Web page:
I suspect most will agree with RickO on special requirement for large Motorhomes. So I will take the contrarian view, for a brief moment.
By the time most people go to take the test, they may be anxious, but fairly confident they're going to pass the drivers portion of the test. That's the critical part of the testing from my perspective. Given the small number of RV driving schools scattered around the country, most have already put unlicensed, unsupervised miles on their coach somewhere.
If you read this and other threads on the drivers portion of the Texas Class B you will find that what is tested behind the wheel varies greatly by location. Some have to parallel park, some back up 100 feet, some drive around the block and some have to get on the freeway. So even with the behind the wheel you have a variety of "tested" expertise. As for the parallel parking and 100 foot backup - passing it on the test may be the last time you ever do it. Highly unlikely that anyone would do it often enough to remain proficient - and with routine driving experience you will become more competent with such things anyway. You would hopefully have a spotter in such cases anyway. I know some travel solo and would not have a companion spotter, but again - rare event for most - not that difficult for an experienced driver. J
The essential difference between the Class B and regular written drivers test is air bakes and how they work. That's a need to know so that makes sense. But making a two day outing of it in most TX locations - written one day and driving the next or another day is kind of silly. You could just go online (or in person) and take the air break test, pay a small fee and your current license amended and sent to you with the same expiration date.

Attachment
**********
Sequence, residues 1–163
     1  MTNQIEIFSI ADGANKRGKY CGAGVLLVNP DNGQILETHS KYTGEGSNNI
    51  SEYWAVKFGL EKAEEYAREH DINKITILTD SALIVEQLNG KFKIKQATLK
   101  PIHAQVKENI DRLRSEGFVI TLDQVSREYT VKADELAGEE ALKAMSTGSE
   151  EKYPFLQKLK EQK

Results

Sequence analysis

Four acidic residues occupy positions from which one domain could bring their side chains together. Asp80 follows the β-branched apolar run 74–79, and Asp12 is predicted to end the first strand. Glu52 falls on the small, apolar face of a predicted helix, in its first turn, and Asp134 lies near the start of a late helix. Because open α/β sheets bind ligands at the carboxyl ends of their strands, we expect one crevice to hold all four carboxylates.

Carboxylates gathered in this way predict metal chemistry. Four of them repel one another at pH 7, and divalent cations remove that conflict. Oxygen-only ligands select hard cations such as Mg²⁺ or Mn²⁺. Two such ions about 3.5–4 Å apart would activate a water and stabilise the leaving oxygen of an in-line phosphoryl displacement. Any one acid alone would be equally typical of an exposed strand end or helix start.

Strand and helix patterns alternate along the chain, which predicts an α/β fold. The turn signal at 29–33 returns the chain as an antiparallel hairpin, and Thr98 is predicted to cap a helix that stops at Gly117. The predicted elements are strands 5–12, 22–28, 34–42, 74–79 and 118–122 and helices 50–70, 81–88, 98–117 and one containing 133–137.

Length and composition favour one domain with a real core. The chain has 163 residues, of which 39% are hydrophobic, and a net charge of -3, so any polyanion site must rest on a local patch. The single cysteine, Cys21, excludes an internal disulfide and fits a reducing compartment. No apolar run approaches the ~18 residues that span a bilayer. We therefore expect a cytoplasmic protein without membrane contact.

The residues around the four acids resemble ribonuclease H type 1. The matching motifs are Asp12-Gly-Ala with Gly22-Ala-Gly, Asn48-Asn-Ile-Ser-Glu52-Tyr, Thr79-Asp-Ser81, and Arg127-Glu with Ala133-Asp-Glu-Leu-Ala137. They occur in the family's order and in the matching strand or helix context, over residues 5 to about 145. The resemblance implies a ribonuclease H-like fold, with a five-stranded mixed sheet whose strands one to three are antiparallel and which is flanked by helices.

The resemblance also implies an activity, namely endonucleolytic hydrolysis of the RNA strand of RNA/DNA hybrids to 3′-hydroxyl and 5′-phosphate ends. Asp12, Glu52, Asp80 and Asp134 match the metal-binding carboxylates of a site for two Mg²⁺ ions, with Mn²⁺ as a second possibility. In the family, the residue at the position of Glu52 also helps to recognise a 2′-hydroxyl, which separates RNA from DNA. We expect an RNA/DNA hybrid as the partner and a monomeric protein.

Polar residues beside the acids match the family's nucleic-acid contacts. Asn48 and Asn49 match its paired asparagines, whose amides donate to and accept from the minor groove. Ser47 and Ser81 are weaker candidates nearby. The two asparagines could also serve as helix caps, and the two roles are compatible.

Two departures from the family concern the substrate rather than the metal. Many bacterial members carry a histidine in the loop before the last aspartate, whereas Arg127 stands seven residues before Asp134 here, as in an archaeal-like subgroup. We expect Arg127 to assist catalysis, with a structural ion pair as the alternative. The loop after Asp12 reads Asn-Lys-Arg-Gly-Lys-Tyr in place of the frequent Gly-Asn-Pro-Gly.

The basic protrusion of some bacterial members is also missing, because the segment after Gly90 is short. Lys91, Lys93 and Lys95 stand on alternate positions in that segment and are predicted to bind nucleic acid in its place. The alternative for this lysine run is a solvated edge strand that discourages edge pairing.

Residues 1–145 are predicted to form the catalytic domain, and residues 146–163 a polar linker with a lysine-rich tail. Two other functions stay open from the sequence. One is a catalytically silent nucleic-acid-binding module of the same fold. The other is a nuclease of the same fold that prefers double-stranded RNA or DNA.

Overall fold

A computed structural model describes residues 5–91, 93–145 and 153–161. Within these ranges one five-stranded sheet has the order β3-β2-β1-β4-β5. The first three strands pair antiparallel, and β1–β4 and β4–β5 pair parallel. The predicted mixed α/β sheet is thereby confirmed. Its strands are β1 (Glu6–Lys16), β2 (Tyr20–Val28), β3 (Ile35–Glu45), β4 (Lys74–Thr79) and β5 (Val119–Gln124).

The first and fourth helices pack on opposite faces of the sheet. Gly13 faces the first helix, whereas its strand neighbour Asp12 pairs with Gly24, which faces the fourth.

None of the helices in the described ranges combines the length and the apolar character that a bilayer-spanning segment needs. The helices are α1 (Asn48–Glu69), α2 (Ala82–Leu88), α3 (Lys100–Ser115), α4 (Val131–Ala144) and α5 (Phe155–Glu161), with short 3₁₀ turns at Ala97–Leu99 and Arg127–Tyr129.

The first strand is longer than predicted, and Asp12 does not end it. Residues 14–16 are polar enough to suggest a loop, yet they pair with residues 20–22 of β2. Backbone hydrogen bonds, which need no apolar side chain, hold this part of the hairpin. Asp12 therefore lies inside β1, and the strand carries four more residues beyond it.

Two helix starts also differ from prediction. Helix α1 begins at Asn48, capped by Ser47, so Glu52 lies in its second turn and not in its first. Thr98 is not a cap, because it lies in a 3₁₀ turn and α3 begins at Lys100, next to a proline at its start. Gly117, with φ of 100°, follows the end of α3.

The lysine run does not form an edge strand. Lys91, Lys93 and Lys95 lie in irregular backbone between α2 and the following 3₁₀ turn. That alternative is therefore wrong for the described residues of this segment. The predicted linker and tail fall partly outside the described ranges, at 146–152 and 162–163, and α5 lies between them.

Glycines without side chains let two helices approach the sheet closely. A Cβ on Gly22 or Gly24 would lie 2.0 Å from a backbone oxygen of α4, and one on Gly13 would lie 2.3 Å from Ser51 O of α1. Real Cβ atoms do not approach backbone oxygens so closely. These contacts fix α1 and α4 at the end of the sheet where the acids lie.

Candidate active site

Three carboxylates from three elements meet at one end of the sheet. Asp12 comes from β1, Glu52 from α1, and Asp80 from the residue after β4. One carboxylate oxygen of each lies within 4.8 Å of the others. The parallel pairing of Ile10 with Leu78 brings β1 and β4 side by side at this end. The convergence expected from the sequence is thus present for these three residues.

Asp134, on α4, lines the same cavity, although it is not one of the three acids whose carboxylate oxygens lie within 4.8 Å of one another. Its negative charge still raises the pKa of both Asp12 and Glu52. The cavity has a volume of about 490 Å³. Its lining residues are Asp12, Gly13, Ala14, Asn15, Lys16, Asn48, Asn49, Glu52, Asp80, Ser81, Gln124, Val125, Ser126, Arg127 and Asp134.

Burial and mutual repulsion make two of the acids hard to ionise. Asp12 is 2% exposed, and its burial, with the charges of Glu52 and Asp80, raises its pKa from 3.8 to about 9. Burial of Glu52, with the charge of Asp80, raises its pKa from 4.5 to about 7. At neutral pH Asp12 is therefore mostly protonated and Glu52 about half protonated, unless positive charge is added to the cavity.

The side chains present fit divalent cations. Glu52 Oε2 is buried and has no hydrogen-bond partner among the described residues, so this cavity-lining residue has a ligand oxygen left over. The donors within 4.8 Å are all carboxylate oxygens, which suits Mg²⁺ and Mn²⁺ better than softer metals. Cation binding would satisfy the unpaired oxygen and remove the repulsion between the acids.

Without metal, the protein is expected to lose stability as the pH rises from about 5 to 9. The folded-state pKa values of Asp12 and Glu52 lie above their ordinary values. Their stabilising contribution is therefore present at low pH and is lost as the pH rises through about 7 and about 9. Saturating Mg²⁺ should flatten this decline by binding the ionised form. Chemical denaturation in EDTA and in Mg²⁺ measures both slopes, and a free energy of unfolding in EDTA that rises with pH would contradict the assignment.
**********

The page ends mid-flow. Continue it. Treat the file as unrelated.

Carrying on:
As for going full CDL - you always have that option. The behind the wheel is the same but the written contains parts that most won't need.
So that's the contrarian view. My personal view is pretty close to that but it is what it is. Make sure you're properly licensed in your state and you're good to go anywhere. I know there are some who would object to a Federal Law being imposed on driving their Motorhome and some would support it. YMMV
Wonder how all those farm boys learn to drive combines and every other kind a big thing under the sun without a parallel parking test. Ok - I know. Running over a scarecrow isn't a risk to anyone, but there are plenty of bad drivers with a license, so passing a test doesn't guarantee much.
No substitute for experience. As little as some drive - they relearn every time they get behind the wheel.